She is naked.
Fifty foot tall, the fragments of thousands of gems all over her hands, she is exposed.
With a violence that startles Pearl—who’d been running algorithms on her screens—Yellow stands up from her alcove, stretching her long limbs extensively, as though trying to excise something out along with the stiffness, too.
“Sorry,” she says gruffly, glancing away. (She’s working on it—she is—but apologies still don’t come easily to the matriarch.) “Just have somewhere I need to be.”
With a few quick taps of a nearby panel, Pearl pulls up and enlarges a video feed of the throne room. A snatch of heavy blue fabric dragging against the floor is all she needs to see.
“... that wouldn’t happen to be the throne room, my—I mean, your—um, Yellow Diamond, would it?” (Pearl is working on it—she is—but thousands of years of ingrained slavery are hard to completely forget, too.)
Relief mixed with gratitude mixed with awkwardness darkens the gold around Yellow Diamond’s sharp cheekbones.
“Thank you, Pearl.”
A similar blush scribbles itself across the bridge of the smaller gem’s nose.
(They’re both working on it—they are—Diamond and Pearl alike, trying to figure out what it means to be companions in Era Three. Equals. Maybe one day, friends, if such an unstudied phenomenon can happen between them after all these unchanging cycles of mastery and slavery.)
(But she wonders to herself—she wonders this every day—is there grace enough in this universe for the Diamonds?)
(Is there such a thing as absolution and reprieve?)
Brow furrowed above her eyes, Yellow finally sweeps out of her chamber, heels clicking reliably against the marble veined floor.
(She doesn’t know.)
(She isn’t sure she wants to know.)
The passage between her chamber and the throne room is a covered bridge, the path intricately laid, sunlight slanting through the arches and onto her handsome armor in patches.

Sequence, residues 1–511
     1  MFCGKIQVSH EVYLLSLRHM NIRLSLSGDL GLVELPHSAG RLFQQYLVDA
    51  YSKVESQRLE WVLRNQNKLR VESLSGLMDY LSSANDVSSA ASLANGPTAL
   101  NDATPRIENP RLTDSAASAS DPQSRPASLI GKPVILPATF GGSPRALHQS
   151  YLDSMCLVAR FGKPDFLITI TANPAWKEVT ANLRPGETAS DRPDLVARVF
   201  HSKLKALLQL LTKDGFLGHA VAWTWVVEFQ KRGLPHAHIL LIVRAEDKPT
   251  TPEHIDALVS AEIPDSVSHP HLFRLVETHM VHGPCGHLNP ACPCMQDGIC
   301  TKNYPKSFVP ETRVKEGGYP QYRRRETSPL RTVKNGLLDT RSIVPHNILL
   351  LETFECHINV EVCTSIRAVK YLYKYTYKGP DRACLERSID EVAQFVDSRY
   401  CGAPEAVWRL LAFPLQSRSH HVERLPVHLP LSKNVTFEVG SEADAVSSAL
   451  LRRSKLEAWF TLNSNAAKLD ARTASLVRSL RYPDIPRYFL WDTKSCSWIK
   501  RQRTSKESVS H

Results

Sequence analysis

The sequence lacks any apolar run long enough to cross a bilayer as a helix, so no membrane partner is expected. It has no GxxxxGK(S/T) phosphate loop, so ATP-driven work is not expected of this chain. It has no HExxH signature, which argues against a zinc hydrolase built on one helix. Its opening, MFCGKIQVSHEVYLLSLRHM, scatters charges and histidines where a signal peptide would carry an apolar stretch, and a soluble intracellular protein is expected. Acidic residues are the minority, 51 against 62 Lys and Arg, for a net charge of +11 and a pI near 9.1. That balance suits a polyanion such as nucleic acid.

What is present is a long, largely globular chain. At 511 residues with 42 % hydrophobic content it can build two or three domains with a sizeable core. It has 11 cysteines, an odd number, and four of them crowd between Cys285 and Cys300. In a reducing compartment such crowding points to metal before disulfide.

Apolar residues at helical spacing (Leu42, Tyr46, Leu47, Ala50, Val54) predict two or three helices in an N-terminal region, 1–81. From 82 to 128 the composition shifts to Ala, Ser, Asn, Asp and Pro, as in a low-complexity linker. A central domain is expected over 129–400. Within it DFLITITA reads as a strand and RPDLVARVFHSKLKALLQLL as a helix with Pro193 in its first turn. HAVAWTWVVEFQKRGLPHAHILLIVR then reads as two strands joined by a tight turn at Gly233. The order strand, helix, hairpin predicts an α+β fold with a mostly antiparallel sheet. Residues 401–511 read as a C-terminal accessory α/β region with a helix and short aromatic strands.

She doesn’t stop to look below—doesn’t have time to spare even though she has all the time in the world—but even as she walks, she can hear all the many ways that Homeworld is changing, the echoes of the reforming city drifting up to the palace like sacrificial smoke. There is the humdrum of communication—talking and conversing, snatches of loud laughter. And there is the steady thrum of ship traffic zooming through the brightening sky.
She knows, without looking, that there are flashing colors and newly constructed infrastructures. Councils are being formed, the judicial system overhauled independently of the Diamonds' oversight. Representatives for the various Gem types are elected fairly and democratically. An economy based on rare rocks—locally sourced from Homeworld’s own Kindergarten—is slowly but surely being constructed by business minded Peridots. Gems from all eras and cuts and cabochons are cohabiting side by side, communing and learning to coexist without prejudice and fear.
Their world, for the first time in millions of cycles, is evolving.
For good and for the best.
With a pang that tightens her diamond as she finally approaches the intricately carved double doors leading into the throne room, Yellow Diamond wonders what it means that she is falling into the same pattern she has threaded year after year for 6,242 years.
Do Diamonds ever change their facets?
Or are their hardnesses immutable, unchanging?
(She wonders—she wonders this every day—if one day the universe will pronounce judgment on the three of them for their crimes against Gemkind?)
(Will doing better be enough to lighten the sentence?)
(Is doing better the same as being better?)
She curls her fingers tightly around one of the quartz handles and pulls outwards, her nerves suddenly electrified as the square of light from the door slowly pools into the throne room and across the floor, inching and seeping until it touches the hem of a heavy, dark robe.